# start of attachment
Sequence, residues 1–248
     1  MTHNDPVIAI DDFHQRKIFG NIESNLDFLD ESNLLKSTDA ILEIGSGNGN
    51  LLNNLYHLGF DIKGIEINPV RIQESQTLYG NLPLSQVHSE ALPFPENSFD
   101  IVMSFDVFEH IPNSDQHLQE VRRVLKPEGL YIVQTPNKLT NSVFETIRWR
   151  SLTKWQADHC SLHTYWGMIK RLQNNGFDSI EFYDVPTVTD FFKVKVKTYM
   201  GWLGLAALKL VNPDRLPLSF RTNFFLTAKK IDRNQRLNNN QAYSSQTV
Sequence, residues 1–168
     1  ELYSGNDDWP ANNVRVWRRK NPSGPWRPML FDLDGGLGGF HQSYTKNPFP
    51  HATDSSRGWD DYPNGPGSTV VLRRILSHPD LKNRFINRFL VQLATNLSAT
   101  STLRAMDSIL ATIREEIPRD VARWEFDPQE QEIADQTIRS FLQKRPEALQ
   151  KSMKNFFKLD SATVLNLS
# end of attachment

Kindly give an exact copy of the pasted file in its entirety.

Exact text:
Sequence, residues 1–248
     1  MTHNDPVIAI DDFHQRKIFG NIESNLDFLD ESNLLKSTDA ILEIGSGNGN
    51  LLNNLYHLGF DIKGIEINPV RIQESQTLYG NLPLSQVHSE ALPFPENSFD
   101  IVMSFDVFEH IPNSDQHLQE VRRVLKPEGL YIVQTPNKLT NSVFETIRWR
   151  SLTKWQADHC SLHTYWGMIK RLQNNGFDSI EFYDVPTVTD FFKVKVKTYM
   201  GWLGLAALKL VNPDRLPLSF RTNFFLTAKK IDRNQRLNNN QAYSSQTV
Sequence, residues 1–168
     1  ELYSGNDDWP ANNVRVWRRK NPSGPWRPML FDLDGGLGGF HQSYTKNPFP
    51  HATDSSRGWD DYPNGPGSTV VLRRILSHPD LKNRFINRFL VQLATNLSAT
   101  STLRAMDSIL ATIREEIPRD VARWEFDPQE QEIADQTIRS FLQKRPEALQ
   151  KSMKNFFKLD SATVLNLS